DIXON, William (ca 1755-1800) [and William BERESFORD, fl. 1788]. A Voyage Round the World; but more particularly to the North-West of America: Performed in 1785, 1786, 1787, and 1788, in The King George and Queen Charlotte, Captains Portlock and Dixon. London: George Goulding, 1789.
4o (372 x 216 mm). Folding frontispiece map and 21 engraved maps and plates [7 folding], errata leaf. (Title and first signature frayed at edges, some pale dampstaining and soiling.) 19th-century half calf (recased, endpapers renewed).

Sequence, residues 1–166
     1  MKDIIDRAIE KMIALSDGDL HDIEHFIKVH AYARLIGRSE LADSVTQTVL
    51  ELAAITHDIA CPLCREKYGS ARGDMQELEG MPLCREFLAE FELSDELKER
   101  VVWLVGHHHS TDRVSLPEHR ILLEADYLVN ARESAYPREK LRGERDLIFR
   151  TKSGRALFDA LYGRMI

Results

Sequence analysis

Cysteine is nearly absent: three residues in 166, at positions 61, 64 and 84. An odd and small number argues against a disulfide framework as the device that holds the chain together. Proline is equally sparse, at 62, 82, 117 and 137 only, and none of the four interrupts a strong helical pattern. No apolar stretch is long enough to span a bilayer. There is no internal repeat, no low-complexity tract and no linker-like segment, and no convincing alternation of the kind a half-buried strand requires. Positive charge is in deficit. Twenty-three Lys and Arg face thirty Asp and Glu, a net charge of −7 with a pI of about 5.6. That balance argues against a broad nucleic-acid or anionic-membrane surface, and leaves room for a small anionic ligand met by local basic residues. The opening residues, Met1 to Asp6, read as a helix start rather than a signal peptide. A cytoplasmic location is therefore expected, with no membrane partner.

SCARCE FIRST EDITION ON THE PACIFIC NORTHWEST, a voyage undertaken by the newly-formed King George's Sound Company to establish a fur trade between the northwest American coast and China, earlier news from Cook's ships Resolution and Discovery on the lucrative trade having been the impetus. The coastal surveys of the two ships, however, were the most important result of the voyage, particularly those made by Dixon northward from Nootka Sound. The text of Dixon's voyage is by William Beresford, an officer aboard the Queen Charlotte, in the form of letters to a friend in London, but edited by Dixon who added the introduction and appendix. Dixon discovered and mapped the Queen Charlotte Islands, naming them after his ship, discovered Dixon Entrance north of those islands, and more accurately mapped the coast and approaches to the mainland at the same time as recording the ethnology of the coastal Indians and natural history. Although similarly titled, Dixon and Portlock's works differ markedly. The ships separated in 1787 at Prince William Sound when Dixon sailed south, later re-joining Portlock at Nootka. Both men had been on James Cook's third voyage in these same waters and in Hawaii where their ships called before reaching Alaska and en route to China. Their long stay and fur trading in Macao, Whampoa and Canton 1788 is well covered by Beresford, the supercargo aboard the Queen Charlotte. Little is written by either men of their rescue of John Meares in his ship Nootka from Cook Inlet where he had been iced-in and lost many men to scurvy, but the episode sparked a bitter pamphlet war between Meares and Dixon. Forbes 161; Hill 117; Lada-Mokarski 43; Sabin 64390.